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News that the world’s most powerful man was infected with the world’s most notorious disease dominated screens large and small, drawing shock, sympathy and some barbs for US President Donald Trump.

The outpouring from world leaders and flagging markets Friday left little doubt that Trump’s illness will have global implications—even if they’re still unknown. Trump’s announcement on Twitter that he and first lady Melania Trump tested positive for the coronavirus prompted a multitude of responses on the same platform, as well as others.

The positive test reading adds to investors’ worries, especially about its effect on the 3 November election between the Republican president and Democrat Joe Biden. US stock futures and most world markets fell on the news as did the price of oil.

The S&P 500 was down 0.5% in afternoon trading, paring its earlier losses. It fell as much as 1.7% shortly after trading began. But the moves weren’t close to as chaotic as earlier this year, when markets were first selling off on coronavirus fears.

The Dow Jones Industrial Average was down 112 points, or 0.4%, at 27,707, as of 12.48pm Eastern time, after earlier being down 433 points. The Nasdaq composite was 1.1% lower.

Covid shock
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Covid shock

Oil prices followed a similar pattern, but underlying concerns about too much supply and too little demand remain firmly in place, while US jobs data were weaker-than-expected, adding to doubts about the economic recovery.

The extraordinary setback for Trump, 74, has immediate political consequences just 31 days before election day, forcing him to cancel campaign trips and adding new volatility to an already turbulent contest.

The White House doctor said that Trump, who was later reported to be suffering “mild symptoms," would continue his presidential “duties without disruption".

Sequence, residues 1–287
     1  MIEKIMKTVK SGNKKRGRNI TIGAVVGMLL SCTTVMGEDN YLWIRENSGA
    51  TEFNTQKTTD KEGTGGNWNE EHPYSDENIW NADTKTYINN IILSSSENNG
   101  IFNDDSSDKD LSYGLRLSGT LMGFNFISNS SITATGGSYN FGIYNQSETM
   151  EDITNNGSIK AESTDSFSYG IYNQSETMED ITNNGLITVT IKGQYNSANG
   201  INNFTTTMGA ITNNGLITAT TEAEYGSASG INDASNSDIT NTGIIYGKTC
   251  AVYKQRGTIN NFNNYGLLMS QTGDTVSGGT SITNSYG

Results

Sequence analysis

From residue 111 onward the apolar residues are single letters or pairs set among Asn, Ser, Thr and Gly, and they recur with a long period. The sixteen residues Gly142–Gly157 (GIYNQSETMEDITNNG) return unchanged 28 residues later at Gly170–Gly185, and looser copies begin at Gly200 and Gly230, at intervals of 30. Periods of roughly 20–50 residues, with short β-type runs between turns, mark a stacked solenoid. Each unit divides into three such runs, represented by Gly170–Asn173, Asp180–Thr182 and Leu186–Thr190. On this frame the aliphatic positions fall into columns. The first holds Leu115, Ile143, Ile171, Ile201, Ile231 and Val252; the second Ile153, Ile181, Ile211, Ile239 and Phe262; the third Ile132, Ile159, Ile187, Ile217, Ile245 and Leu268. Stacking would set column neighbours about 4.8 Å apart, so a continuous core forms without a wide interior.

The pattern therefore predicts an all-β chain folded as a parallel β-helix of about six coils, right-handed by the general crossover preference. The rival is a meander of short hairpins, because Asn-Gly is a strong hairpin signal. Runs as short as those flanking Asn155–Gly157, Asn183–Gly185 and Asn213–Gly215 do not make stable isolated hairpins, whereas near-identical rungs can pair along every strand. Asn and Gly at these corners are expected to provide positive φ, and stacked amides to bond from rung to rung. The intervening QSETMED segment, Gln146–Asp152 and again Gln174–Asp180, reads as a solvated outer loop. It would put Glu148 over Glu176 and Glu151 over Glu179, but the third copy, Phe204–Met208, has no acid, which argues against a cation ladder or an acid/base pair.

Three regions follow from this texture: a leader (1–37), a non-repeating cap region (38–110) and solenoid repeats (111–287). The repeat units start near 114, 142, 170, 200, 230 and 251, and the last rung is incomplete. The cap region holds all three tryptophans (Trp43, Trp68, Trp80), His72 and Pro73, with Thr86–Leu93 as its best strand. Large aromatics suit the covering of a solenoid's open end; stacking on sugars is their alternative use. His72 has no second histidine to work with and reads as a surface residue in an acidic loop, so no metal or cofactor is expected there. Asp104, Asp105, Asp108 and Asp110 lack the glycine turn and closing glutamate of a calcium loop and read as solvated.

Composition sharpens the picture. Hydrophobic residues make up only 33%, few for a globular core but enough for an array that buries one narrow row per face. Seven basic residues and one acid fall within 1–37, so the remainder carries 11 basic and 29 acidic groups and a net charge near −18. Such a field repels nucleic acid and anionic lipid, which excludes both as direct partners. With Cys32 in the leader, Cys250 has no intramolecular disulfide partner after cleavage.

The president took a test after close aide Hope Hicks tested positive earlier in the day, with both he and his wife then going into quarantine at the White House.

Trump has spent much of the year downplaying the threat of the virus, rarely wearing a protective mask and urging states and cities to “reopen" and reduce or eliminate shutdown rules.

Both Democratic presidential nominee Joe Biden and his running mate Kamala Harris have tested negative, their campaign said. Vice president Mike Pence tested negative for the virus Friday morning and “remains in good health," his spokesman said.

“We are seeing some risk aversion on the back of the Trump news, although as yet the moves we’re seeing are quite modest," Oanda analyst Craig Erlam said.

“Should Trump’s health deteriorate, I expect we would see more significant moves, but there’s no sign of that at this moment."’

Analysts said some of the market’s movements could be explained by investors building up expectations for a Biden victory of the White House.

That could mean higher tax rates and tighter regulations on companies, which would limit profits and hurt stock prices.

But analysts said a Democratic election sweep could also improve the odds for a big rescue package for the economy, one that investors call crucial and one that has been stymied so far by partisanship in Washington. That would provide a boost to markets.

The slowdown is yet another sign that the recovery is trailing off, said Mike Zigmont, director of trading and research at Harvest Volatility Management. The numbers don’t inspire bullishness, but they could be a brighter signal for more help from Congress.

“If the conclusion is that the economic data disappoints, Wall Street may say that’s added incentive for the next stimulus deal to eventually go through and more quickly," he said.

Other reports on the economy were more mixed. Consumer sentiment was stronger for September than economists expected, which is key because their spending drives the bulk of the economy.

AFP contributed to the story.

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